We had to wait for the Tea museum to open at 10:00 but it was worth it. The volunteer guide for the newly reopened tourist attraction was so happy to find an English-speaking family to practice his English with and was so very courteous. The display of tea items and their history was extensive and we learned a lot about the different types of tea.
We even sat down for a traditional Korean tea service in the tea theater before stopping by the gift shop and the cafe to purchase some green tea ice cream, green tea latte, and various tea supplies.
We left Boseong and navigated our way to Jirisan Chik Naengmyeon restaurant in Namwon which is supposed to have the best cold noodle in Korea. It is located at 221-4, Jang-an-ri, Jucheon-myeon, Namwon-si, Jeollabuk-do. It really is a very clean and refreshing cold noodle soup and interestingly, is served with a pot of hot broth on the side for either drinking in teacups or to warm up the noodles.
We drove the rest of the way to Jeonju old town to check in at our last hanokstay in Buyongheon. The location was nice and across the street from a cultural center so parking was easy and free. It was a quiet part of town away from the busier streets with restaurants and shops so should be restful. But the dragon lady who ran the place absolutely won't let us unfold the futons in the rooms until bedtime. Since there are no chairs or pads in the room, even if we're really tired, we have to sit on the floor to watch TV. So again, great location but don't expect any comfort in these hanokstay.
It had already started raining again by the time we got there so the kids did not feel like going out. Bruce and I walked around the beautiful old town and found that Jeonju Hanok village is very quaint and well preserved. When night falls, everyone comes out to play on the main streets and it comes alive. We bought fried squid on a stick from one vendor, stuffed baguette from another , and croquettes with various fillings to bring home to the kids. Only later did I remember that in Jeonju, you must really try the bibimbap.
Since Fiona has started feeling poorly with a swollen right cheek and right-sided sore throat from her brace cutting on her cheek, I tested her for covid and it was negative.
It started raining really heavily by the time we woke up in the morning so no one was in the mood for sightseeing. We stopped in the pouring rain at the popular PNB bakery in Jeonju to buy pastries for the road and headed back to Seoul.
Bruce and I dropped the kids and the luggage at Moxy hotel in Insadong and check-in, then went to return the rental van. We took the metro back and spent the afternoon packing for the flight back to Los Angeles the next day. In the evening we wandered the Insadong neighborhood and explored the Ikseondong Hanok village, shopping and looking for a nice place for dinner. There was a shooting range that displayed teddy bears with bazookas and semi-automatics, which I thought was a little bit funny.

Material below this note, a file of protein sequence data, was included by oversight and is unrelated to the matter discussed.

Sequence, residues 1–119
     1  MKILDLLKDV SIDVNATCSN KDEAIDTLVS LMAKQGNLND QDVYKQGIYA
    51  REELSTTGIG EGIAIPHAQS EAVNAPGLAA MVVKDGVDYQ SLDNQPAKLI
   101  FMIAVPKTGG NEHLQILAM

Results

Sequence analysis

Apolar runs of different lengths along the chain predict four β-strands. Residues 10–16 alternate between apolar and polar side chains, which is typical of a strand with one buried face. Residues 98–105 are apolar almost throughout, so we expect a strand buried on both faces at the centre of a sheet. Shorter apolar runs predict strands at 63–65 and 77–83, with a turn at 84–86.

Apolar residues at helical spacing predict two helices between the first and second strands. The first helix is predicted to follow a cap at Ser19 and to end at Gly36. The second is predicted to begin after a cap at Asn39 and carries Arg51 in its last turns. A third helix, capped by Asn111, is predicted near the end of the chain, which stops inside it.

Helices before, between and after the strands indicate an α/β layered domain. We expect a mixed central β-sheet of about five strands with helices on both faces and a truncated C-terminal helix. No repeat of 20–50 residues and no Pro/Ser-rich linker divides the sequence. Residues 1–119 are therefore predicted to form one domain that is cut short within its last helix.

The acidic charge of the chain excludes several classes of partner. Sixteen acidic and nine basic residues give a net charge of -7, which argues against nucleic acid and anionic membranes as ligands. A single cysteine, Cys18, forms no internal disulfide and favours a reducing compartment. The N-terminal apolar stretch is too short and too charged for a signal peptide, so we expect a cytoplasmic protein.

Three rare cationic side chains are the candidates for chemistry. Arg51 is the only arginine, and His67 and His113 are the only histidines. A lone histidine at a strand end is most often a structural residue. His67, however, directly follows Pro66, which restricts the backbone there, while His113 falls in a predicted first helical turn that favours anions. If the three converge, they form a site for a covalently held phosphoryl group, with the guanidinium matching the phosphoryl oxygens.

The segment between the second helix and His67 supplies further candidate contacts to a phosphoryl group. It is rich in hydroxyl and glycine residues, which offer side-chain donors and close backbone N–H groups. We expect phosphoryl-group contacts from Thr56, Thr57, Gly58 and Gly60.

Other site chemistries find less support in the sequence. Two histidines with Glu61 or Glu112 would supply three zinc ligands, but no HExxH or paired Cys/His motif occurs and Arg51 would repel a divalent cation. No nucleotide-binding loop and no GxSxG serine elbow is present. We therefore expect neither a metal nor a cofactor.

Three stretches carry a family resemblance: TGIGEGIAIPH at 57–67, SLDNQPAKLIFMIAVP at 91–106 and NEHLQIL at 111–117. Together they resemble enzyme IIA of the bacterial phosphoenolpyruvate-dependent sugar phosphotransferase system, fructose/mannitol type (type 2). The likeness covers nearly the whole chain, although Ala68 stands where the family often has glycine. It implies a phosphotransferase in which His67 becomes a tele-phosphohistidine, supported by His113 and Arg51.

We settled on a Japanese restaurant. Bruce was okay with the eel bowl and the boys liked their salmon bowl, but I was disappointed in the toro bowl because the fish was too cold so the taste didn't come through. The girls had decided on having pizza from the cafe at Moxy so they split off to go shopping on their own.
We asked the hotel front office that night to call for the taxi ride to the airport in the morning so we can arrive 2-3 hours ahead of time for check-in. There was enough time at the airport for us to pull out all our Korean won spare changes and go shopping again.
Fiona had a real headache by the time we landed in Los Angeles. I tested her for covid again and this time she was positive. Everyone else was negative that day.
The next day, Alison complains of headache and stuffy nose and she tested positive too. Both girls had to be quarantined for 10 days while I had to test every day before going to work. Bruce and the boys remained negative and symptom-free for the next 10 days. Although the girls' home antigen tests were negative after 5 days, the PCR tests remained positive until 10 days after 1st symptoms so the girls ended up staying out the first 2 weeks of school.
My office is still getting calls every day about people turning positive for covid but if they are young, healthy and have no underlying illnesses, we have been telling them to self isolate for 5-10 days until their home test turns negative and take tylenol or ibuprofen for the fever, bodyache, and headache. So far, everyone, knock on wood, has recovered fine within 5-10 days.